Evonik makes investment in company launching rapid sex-testing machine for eggs

Evonik has made an investment in the biotechnology start-up In Ovo through its venture capital unit. The investment comes as the young company reaches the commercialisation stage for its technology and is bringing its sex-testing machine for eggs to the market.

The company said fast and reliable determination of the sex of chicken embryos in the egg is now possible at scale. Technology enables egg producers to avoid the culling of male chicks, which is prohibited from 2022 in Germany.

“In Ovo has reached a crucial milestone with the successful scaling up of its unique technology,” said Bernhard Mohr, head of Evonik Venture Capital. “Since we first invested and partnered with In Ovo in 2018, the ethical problem of culling chicks has gained attention and calls for a solution have become louder.”

The German government has now introduced legislation mandating that no chicks are culled after January 1, 2022. In Germany, an estimated 40 million day-old male chicks from laying-hen hatcheries are culled annually.

In Ovo said it had developed a method for determining the sex in the egg that is particularly fast and reliable and can be readily integrated into the workflow of large hatcheries. In Ovo’s first machine has been screening eggs at high speed, in a commercial hatchery, since December. The first 150,000 chicks, which will produce more than 50 million eggs in their lifetime, have been hatched without any chick culling.

Evonik is a global supplier of amino acids and their derivatives and is expanding its product range in the direction of sustainable and healthy animal nutrition.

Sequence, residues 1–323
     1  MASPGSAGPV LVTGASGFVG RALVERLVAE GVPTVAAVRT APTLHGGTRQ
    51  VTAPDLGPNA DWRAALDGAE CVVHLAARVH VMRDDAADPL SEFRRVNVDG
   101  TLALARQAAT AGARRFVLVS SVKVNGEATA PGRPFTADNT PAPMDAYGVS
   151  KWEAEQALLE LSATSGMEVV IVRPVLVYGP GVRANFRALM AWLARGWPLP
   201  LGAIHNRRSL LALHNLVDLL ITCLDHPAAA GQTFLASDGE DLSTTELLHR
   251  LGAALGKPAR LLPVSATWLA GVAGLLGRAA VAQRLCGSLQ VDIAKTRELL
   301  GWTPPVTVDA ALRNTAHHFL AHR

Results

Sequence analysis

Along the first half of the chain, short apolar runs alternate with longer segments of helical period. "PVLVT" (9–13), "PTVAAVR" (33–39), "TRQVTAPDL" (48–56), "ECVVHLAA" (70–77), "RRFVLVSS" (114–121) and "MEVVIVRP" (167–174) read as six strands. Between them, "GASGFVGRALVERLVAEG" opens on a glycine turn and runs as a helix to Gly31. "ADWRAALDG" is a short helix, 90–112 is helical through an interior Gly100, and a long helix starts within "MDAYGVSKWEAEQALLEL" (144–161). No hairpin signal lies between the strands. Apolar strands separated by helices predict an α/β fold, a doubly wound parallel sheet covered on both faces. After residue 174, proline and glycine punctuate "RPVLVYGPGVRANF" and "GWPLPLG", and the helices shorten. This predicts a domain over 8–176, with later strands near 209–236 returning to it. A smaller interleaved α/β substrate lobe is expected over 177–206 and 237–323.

“With Evonik’s support, In Ovo is bringing its proven technology to the market at exactly the right time,” said Emmanuel Auer, head of Evonik’s Animal Nutrition business line. “The cooperation with In Ovo fosters animal protein supply to retail thus helping the stakeholders in the value chain to achieve their own goals for sustainability.”

In Ovo’s machines can identify the sex of eggs by day nine after incubation starts and is working towards earlier identification. The German government’s recent legislation foresees that as of 2024 testing for sex in the egg must occur no later than day six. Currently no technology on the market that can identify sex as early as this.

“We are continuously improving our technology on speed, accuracy and day of testing,” said Wouter Bruins, co-founder and one of the managing directors of In Ovo. “I’m confident that we are well placed to meet market and regulatory demands.”

In Ovo was founded in 2013 by Bruins, a biologist, and biomedical scientist Wil Stutterheim, who met at the University of Leiden. The technology is based on a biomarker identified by the founders. This allows the sex of chick embryos in the egg to be accurately determined during incubation. For this purpose, a tiny hole is made in the egg and resealed. A sample is taken and examined by mass spectrometry for the biomarker identified by In Ovo, which has been patented.

 

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